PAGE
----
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Instead of flashing the entire width of the deck, usually the vinyl would go up the wall several inches. If this is not the case, and there is also no flashing, I would call a vinyl guy (not the same one who is responsible for this atrocity) to come in and do that. they should be able to look after this, heat-welding vinyl-to-vinyl, and use some good sealant at the doorway seam and do a better job and use a better product than most homeowner specials. –  fungku Apr 21 '13 at 18:27
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In regards to flashing the full width of the deck:

Instead of flashing the entire width of the deck, usually the vinyl would go up the wall several inches. If this is not the case, and there is also no flashing, I would call a vinyl guy (not the same one who is responsible for this atrocity) to come in and do that. they should be able to look after this, heat-welding vinyl-to-vinyl, and use some good sealant at the doorway seam and do a better job and use a better product than most homeowner specials. Below is an image of a this after I reinstalled some of the siding, but you can still see how the vinyl goes up the wall. Vinyl WALL


In regards to caulking as a solution:

Just to reiterate that there is no cheap way to fix this properly at this point. Whoever built your deck is not someone who should be charging people since they have no clue what they are doing.

You can use caulking for a temporary solution but you should know that it is something you need to check and replace as necessary.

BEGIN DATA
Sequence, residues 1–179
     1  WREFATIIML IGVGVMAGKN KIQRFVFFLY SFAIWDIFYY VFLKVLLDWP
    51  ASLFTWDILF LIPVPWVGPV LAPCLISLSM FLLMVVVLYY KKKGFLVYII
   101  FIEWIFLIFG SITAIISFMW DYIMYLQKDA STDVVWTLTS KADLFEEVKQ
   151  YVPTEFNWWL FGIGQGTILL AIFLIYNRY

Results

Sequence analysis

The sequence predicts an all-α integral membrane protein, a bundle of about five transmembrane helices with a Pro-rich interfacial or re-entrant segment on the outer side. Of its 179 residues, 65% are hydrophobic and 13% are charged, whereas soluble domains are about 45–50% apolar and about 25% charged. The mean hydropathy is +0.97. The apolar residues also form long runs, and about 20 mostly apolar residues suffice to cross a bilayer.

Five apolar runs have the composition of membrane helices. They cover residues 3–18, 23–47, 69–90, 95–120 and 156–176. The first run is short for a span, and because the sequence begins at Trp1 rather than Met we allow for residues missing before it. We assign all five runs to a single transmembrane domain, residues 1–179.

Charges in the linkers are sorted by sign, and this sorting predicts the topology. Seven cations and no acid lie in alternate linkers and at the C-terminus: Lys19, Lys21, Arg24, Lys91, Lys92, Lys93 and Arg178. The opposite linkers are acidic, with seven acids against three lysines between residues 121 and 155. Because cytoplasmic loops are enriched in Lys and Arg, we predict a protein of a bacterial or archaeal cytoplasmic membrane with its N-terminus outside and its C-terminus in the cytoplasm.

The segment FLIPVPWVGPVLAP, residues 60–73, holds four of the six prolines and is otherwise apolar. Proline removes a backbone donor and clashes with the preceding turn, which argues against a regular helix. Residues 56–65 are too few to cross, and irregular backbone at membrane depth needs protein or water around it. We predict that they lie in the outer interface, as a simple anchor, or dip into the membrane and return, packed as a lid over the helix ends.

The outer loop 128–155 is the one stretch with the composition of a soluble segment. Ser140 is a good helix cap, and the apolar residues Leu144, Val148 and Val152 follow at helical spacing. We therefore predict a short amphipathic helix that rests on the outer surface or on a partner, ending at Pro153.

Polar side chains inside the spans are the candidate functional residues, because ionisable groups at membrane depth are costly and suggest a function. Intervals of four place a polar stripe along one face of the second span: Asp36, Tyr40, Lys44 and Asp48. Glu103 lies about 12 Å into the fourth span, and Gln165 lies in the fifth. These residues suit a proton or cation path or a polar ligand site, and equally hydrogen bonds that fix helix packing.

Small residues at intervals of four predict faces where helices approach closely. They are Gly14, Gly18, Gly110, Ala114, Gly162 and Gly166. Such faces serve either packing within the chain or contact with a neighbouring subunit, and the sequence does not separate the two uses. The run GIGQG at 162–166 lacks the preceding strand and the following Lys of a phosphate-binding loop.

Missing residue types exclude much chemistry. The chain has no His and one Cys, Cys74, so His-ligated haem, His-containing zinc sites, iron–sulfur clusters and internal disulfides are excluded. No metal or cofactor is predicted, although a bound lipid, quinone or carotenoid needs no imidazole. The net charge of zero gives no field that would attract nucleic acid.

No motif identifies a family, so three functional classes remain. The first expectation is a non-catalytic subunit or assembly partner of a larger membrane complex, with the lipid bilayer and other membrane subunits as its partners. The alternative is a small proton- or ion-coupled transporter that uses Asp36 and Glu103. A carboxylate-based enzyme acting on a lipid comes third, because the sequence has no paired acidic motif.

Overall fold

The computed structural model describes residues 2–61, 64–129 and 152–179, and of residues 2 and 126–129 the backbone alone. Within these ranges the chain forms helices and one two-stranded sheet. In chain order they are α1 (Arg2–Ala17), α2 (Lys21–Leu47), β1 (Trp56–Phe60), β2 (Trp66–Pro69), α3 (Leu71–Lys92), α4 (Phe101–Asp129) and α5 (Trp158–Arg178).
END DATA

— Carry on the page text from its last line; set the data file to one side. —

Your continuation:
Even then you should keep in mind that even if it looks okay it might be letting a small amount of moisture in that won't show up as a visible leak but can cause rot in your framing over time. I do a lot of repairs where this is the case.

Caulking being relied on for waterproofing usually ends up as an expensive repair at some point.

May be many, many years later, but may also be sooner than you wanted.

I have many photo examples of this, but here is my current project. A roof-top deck where caulking was relied on for sealing flashing seams. MOLD

Here is a beam underneath a sliding door at the corner of a house. It had sunk over 1/2" inch and was being held together by magic and pixie dust™. (the new section is what I added in while replacing.) BEAM ROT BEAM ROT 2 BEAM ROT 3

I have tons more, but this should be enough to reinforce the point.

Caulking is never a "fix", it is only a band-aid solution that will help delay or prolong the inevitable result of poor workmanship.

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Thanks for the answer -- I agree I'll have to get this fixed properly or I'll regret it. The vinyl does go up the wall on either side of the doorframe, but sadly the "deck expert" built the deck floor to the same height as the frame threshold so there is no wall to go up under the frame, hence the seam that is the source of my woe. I'll probably take @TheEvilGreebo's advice to Replace the door. In the process, raise the rough opening of the door frame half an inch or so - however much is necessary to be able to put a proper piece of flashing under the door frame and over the vinyl. –  Curtis Apr 22 '13 at 16:31